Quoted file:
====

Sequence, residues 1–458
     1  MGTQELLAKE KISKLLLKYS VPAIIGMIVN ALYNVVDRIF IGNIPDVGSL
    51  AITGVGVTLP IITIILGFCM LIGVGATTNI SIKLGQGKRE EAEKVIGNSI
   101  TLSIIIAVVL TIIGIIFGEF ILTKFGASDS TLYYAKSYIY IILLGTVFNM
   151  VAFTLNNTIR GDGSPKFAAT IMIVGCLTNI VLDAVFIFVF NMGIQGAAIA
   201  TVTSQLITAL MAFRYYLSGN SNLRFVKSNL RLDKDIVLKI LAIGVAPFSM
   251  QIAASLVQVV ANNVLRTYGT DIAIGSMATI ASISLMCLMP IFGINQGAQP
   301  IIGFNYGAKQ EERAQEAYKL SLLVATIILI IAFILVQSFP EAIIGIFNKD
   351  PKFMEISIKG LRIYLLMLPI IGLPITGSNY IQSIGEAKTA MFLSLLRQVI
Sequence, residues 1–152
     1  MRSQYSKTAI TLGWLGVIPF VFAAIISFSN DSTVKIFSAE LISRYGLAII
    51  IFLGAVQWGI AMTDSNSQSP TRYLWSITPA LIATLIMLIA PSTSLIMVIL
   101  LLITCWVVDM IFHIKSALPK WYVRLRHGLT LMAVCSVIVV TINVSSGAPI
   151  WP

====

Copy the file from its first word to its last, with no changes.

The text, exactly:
Sequence, residues 1–458
     1  MGTQELLAKE KISKLLLKYS VPAIIGMIVN ALYNVVDRIF IGNIPDVGSL
    51  AITGVGVTLP IITIILGFCM LIGVGATTNI SIKLGQGKRE EAEKVIGNSI
   101  TLSIIIAVVL TIIGIIFGEF ILTKFGASDS TLYYAKSYIY IILLGTVFNM
   151  VAFTLNNTIR GDGSPKFAAT IMIVGCLTNI VLDAVFIFVF NMGIQGAAIA
   201  TVTSQLITAL MAFRYYLSGN SNLRFVKSNL RLDKDIVLKI LAIGVAPFSM
   251  QIAASLVQVV ANNVLRTYGT DIAIGSMATI ASISLMCLMP IFGINQGAQP
   301  IIGFNYGAKQ EERAQEAYKL SLLVATIILI IAFILVQSFP EAIIGIFNKD
   351  PKFMEISIKG LRIYLLMLPI IGLPITGSNY IQSIGEAKTA MFLSLLRQVI
Sequence, residues 1–152
     1  MRSQYSKTAI TLGWLGVIPF VFAAIISFSN DSTVKIFSAE LISRYGLAII
    51  IFLGAVQWGI AMTDSNSQSP TRYLWSITPA LIATLIMLIA PSTSLIMVIL
   101  LLITCWVVDM IFHIKSALPK WYVRLRHGLT LMAVCSVIVV TINVSSGAPI
   151  WP